By Paul K. Overbeck

In late 1993, the Water Quality Association (WQA) created the Ozone Task Force under the Science Advisory Committee at the urging of its membership who were starting to see ozone as a valuable process step to meet residential, commercial and municipal treatment goals. At the same time, the International Ozone Association (IOA) was supporting the U.S. Environmental Protection Agency (USEPA) in evaluating the benefits of ozone in municipal drinking water treatment. Part of this evaluation included identifying municipal ozone installations throughout the United States.

A cooperative approach
Many of the new WQA Ozone Task Force members were and are also IOA members. This created a naturally synergistic team approach to meeting the objectives of both associations. The resulting WQA Ozone Task Force’s charter was established to include:

  1. Development of ozone generator product performance guidelines and standards,
  2. Creation of educational materials for the use of ozone in point-of-entry and point-of-use (POU/POE) and small system applications, and
  3. Legislative support on the use of ozone in small systems.

The following update of WQA’s Ozone Task Force activities is provided as we enter an era where water treatment at POE and POU, small and large municipal, commercial and industrial levels will be more important to mankind than ever before.

Guidelines and standards
The Ozone Task Force produced, “A Testing Methodology Guideline for Performance Measurement of Ozone Generators” which was published March 1996.1 Since its introduction, a number of ozone generator manufacturers have voluntarily complied with the guideline for product testing and have used the data in their product brochures and technical support materials for their dealer distribution system.

The task force believed it needed to go further than this voluntary guideline and is now close to finalizing a “standard” that can be used for third party product performance certification. It is of the opinion that product certification under an approved standard will help dealers confidently employ ozone to meet specific customer needs. This certification standard can be used in WQA Gold Seal certification or NSF certification programs similar to those currently used for other products offered through WQA members.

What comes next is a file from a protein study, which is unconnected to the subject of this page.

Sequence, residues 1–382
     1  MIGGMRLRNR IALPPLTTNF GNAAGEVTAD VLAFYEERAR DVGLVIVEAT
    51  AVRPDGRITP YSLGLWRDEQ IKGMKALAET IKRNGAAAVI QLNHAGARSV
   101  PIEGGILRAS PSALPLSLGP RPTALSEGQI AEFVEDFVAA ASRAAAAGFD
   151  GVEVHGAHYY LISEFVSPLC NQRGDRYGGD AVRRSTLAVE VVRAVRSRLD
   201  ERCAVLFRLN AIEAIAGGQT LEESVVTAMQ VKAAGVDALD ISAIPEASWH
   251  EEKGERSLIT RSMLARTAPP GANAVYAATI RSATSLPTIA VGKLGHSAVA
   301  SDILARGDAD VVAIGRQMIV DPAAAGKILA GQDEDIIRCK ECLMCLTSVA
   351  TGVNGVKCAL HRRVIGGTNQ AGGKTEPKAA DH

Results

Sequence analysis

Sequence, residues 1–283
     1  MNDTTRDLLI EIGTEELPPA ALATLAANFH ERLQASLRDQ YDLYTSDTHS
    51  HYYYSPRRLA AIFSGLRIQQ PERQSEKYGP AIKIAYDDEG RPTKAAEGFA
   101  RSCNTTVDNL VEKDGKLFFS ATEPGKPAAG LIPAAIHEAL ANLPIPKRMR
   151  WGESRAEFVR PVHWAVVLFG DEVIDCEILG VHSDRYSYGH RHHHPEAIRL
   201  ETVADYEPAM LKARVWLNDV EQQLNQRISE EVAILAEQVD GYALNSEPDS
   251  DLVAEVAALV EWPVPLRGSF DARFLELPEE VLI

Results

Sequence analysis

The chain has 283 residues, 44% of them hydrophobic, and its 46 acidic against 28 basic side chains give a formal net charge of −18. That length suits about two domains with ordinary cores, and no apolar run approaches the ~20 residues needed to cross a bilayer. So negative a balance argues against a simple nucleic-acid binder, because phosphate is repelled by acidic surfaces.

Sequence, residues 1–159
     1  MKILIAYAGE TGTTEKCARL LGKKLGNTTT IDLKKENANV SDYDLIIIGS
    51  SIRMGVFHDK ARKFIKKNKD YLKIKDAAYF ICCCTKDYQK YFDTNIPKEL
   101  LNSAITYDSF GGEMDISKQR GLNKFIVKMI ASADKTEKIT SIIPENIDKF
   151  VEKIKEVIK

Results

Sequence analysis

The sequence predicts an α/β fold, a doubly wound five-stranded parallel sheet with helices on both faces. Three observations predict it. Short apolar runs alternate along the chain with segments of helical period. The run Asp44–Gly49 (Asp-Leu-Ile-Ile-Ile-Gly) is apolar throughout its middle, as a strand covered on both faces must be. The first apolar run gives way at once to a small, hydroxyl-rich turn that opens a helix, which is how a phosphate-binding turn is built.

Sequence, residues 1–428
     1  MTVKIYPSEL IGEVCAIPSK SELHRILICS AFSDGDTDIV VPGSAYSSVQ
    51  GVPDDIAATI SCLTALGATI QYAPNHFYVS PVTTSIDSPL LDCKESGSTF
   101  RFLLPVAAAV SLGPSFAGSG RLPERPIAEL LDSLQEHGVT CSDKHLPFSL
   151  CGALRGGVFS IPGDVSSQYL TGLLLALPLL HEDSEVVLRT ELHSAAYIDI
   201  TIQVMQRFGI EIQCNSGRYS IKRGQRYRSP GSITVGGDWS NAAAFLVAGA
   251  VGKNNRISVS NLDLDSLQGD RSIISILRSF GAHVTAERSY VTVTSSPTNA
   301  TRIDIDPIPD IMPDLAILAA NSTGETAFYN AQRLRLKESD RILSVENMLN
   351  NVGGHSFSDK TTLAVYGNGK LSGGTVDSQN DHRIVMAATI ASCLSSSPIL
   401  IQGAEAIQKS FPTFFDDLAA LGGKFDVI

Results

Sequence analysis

The ozone generator standard will be reviewed during the WQA Annual Convention this month in Long Beach, Calif.

Educational material
The Ozone Task Force published Ozone for Point-of-Use, Point-of-Entry, and Small Water System Water Treatment Applications—A Reference Manual2 at the 1998 WQA convention in Fort Lauderdale. The book was positively received by WQA members and due to demand was reprinted in 1999.

Feedback on the manual and from initial installation surveys helped task force members identify the need for greater support material on the use of ozone in groundwater treatment. Ozone is typically used in this area for oxidation and not primary disinfection. Iron, manganese, sulfide ions (S2-/H2S), and color, taste and odor reduction are the most common applications in groundwater treatment.

The USEPA lists approximately 171,000 water systems in the United States.3 The majority of these (158,000) utilize groundwater as their source water. These water systems are a combination of Community Water Systems (CWS), Non-Community Transient (NCT) and Non-Community Non-Transient (NCNT) operations. Groundwater systems are made up of 44,000 CWSs (28 percent), 94,000 NCTs (60 percent), and 20,000 NCNTs (12 percent)—with less than 50 percent of all groundwater systems practicing disinfection.

It was determined use of ozone for these applications wasn’t as well understood as that of other oxidizing substances—such as chlorine (Cl2) and potassium permanganate (KMnO4). Ozone contacting, applied dosage, reaction rates, detention time, filtration and material compatibility requirements mandate more definition to allow greater dealer application confidence.

A subcommittee was formed during the 1999 WQA Convention in Fort Worth, Texas, to address this need. Members of the subcommittee include ozone generator manufacturers, dealers with hands on experience using ozone in groundwater applications and consultants. A resulting “White Paper” is scheduled for presentation and publication at the 2000 Long Beach convention.

Legislative support
The year 1999 marked the 25th anniversary of the U.S. enactment of the Safe Drinking Water Act (SDWA). The original SDWA charged the USEPA to develop and promulgate a number of regulatory initiatives. Subsequent SDWA amendments (1986 and 1996) have carried additional regulatory mandates to the USEPA, many of which encourage the use of ozone, if only indirectly.